LOS ANGELES – Stock market gains are expected to boost California revenues in fiscal 2018, according to an S&P Global Ratings report.

Strong stock market performance has lifted expected 2017 capital gains income in California by 20% relative to its January forecast, according to S&P.

The outlook for fiscal 2018 was improved in Gov. Jerry Brown’s revised $183.4 billion May budget as compared to January’s forecast, though revenues for fiscal 2017 are below expectations.

The governor’s May forecast predicts that revenues for the current fiscal year will be off $3.3 billion from earlier projections.

Gabriel Petek of S&P Global Ratings in 2010.
California revenues should get a boost from the stock market in fiscal 2018, said Gabriel Petek, a managing director for S&P Global Ratings. Bloomberg

The Department of Finance forecast for fiscal 2018 anticipates $2.5 billion more in revenues than what was forecast in January.

“The difference is that one is cash in hand and the other is where things are headed,” said Gabriel Petek, a managing director for S&P Global.

California’s missed projections on revenues for fiscal 2017 are consistent with what S&P is seeing in other states, Petek said.

There is a theory that states are seeing less revenue from capital gains this April, Petek said, because investors are waiting to see whether the Trump administration will lower taxes on capital gains before selling stocks. If that theory holds, he said, states could realize the benefit of recent stock market gains during next year’s tax filing season.

S&P is also seeing slow economic growth rates in other states, he said.

The governor has reversed some of the reductions in spending he made in January’s proposed budget as a result of the improved outlook. Education and the rainy day fund will receive more money through triggers set up by voter-approved propositions when revenues grow.

The S&P report was largely upbeat though it did end with a cautionary note about the deficits predicted by the DOF in its multi-year forecast. The state forecasts a balanced budget through fiscal 2019 and then operating deficits of $1.4 billion in 2020 and $1.5 billion in 2021.

“The state is vulnerable in an adverse economy – and it is vulnerable to stock market shocks if something more significant happens then what they are accounting for in their forecast,” Petek said.

California has AA-minus ratings on its general obligation bonds from both S&P and Fitch Ratings. Moody’s Investors Service provides an Aa3 rating. The state has stable outlooks from all three.

The state is very reliant on income taxes – and particularly those paid by the top 1% of earners, who, Petek said, pay 48% of all income tax in the state.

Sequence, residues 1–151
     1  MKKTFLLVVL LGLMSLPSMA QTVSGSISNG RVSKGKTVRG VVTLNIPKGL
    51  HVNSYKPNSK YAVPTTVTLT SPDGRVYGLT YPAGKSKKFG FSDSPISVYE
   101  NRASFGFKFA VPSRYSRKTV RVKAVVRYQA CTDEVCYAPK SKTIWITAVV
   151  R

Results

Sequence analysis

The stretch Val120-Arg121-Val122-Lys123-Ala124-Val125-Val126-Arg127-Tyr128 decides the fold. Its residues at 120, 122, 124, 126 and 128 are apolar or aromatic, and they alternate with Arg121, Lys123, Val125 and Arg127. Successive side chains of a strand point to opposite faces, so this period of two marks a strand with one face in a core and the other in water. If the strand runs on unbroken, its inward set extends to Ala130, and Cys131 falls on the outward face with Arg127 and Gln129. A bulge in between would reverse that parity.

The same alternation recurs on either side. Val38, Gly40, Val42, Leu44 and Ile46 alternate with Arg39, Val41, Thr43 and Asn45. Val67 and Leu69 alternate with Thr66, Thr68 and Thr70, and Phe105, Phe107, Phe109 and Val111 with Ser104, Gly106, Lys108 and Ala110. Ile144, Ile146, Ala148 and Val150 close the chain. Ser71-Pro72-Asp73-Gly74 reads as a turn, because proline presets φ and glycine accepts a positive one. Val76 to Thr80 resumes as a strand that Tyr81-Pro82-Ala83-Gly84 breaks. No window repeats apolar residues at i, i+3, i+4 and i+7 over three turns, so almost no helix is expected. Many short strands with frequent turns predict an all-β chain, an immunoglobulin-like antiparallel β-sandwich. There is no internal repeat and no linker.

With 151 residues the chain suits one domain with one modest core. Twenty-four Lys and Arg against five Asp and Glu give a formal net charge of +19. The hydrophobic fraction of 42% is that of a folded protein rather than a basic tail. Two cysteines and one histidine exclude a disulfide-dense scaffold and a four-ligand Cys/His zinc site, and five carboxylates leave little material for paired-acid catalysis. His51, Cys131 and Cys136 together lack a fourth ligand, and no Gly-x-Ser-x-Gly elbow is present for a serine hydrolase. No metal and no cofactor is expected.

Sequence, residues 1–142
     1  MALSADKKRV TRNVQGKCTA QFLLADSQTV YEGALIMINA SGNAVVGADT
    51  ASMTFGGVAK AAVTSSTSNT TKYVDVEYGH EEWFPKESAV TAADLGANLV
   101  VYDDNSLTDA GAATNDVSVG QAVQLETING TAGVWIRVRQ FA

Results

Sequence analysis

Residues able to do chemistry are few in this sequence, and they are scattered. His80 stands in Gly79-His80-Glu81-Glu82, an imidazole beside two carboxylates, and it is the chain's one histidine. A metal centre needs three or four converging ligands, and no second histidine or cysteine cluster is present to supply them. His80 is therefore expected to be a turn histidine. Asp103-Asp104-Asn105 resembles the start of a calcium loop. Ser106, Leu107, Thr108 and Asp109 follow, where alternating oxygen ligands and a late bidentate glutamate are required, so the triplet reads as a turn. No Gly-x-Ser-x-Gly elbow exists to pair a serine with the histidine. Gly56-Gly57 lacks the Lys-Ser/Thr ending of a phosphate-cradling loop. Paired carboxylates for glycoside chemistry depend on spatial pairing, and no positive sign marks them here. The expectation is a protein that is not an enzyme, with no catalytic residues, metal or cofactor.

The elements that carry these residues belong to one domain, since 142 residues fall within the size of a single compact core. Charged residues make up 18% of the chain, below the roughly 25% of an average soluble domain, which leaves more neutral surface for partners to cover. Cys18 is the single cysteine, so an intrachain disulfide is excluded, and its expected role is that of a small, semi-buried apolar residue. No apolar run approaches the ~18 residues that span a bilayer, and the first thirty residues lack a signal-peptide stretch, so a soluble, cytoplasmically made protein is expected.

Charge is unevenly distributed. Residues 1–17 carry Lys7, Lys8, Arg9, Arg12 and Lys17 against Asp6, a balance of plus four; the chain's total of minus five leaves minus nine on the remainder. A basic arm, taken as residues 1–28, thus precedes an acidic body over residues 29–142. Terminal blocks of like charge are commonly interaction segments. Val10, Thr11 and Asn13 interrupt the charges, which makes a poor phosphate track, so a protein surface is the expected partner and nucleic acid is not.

The state remains dependent on that narrow segment of the taxpayer base correlated with the financial markets as people in that income tax bracket get most of their income from capital gains and investments, he said.

In fact, Petek said, the state doubled-down on its dependence on its most affluent residents.

He lauded the state for paying down the $20 billion in debt that comprised its structural deficit and voters for approving Proposition 2, part of which goes into a rainy day fund while the other half is used to pay down debt.

“They have brought revenues into alignment and paid off the bulk of debt as well as putting money into the Rainy Day fund,” Petek said.

While those were good steps, Petek said, it’s offset by the fact the revenue base remains as volatile as ever.

“If anything, they doubled-down on the dependence on high-income earners with Proposition 30 – and then again by extending the tax on high income earners through Proposition 55,” he said.

The temporary taxes approved in 2012 by voters in Proposition 30 were a quarter-cent sales tax that expired at the end of 2016 and a personal income tax increase for residents who earn more than $250,000 that was supposed to expire at the end of 2018.

Through Proposition 55, voters approved extending the income tax on higher earners another 12 years. The money helps fund education.

The deficits projected by the Department of Finance are based on the fact the economy is more or less at full employment, he said.

“From an economic standpoint, once you are that level, the rate of growth is likely to slow going forward,” he said. “It is not uncommon for a state to have out-year imbalances they have to contend with.”

He added that he expects lawmakers to come up with solutions in one form or another.

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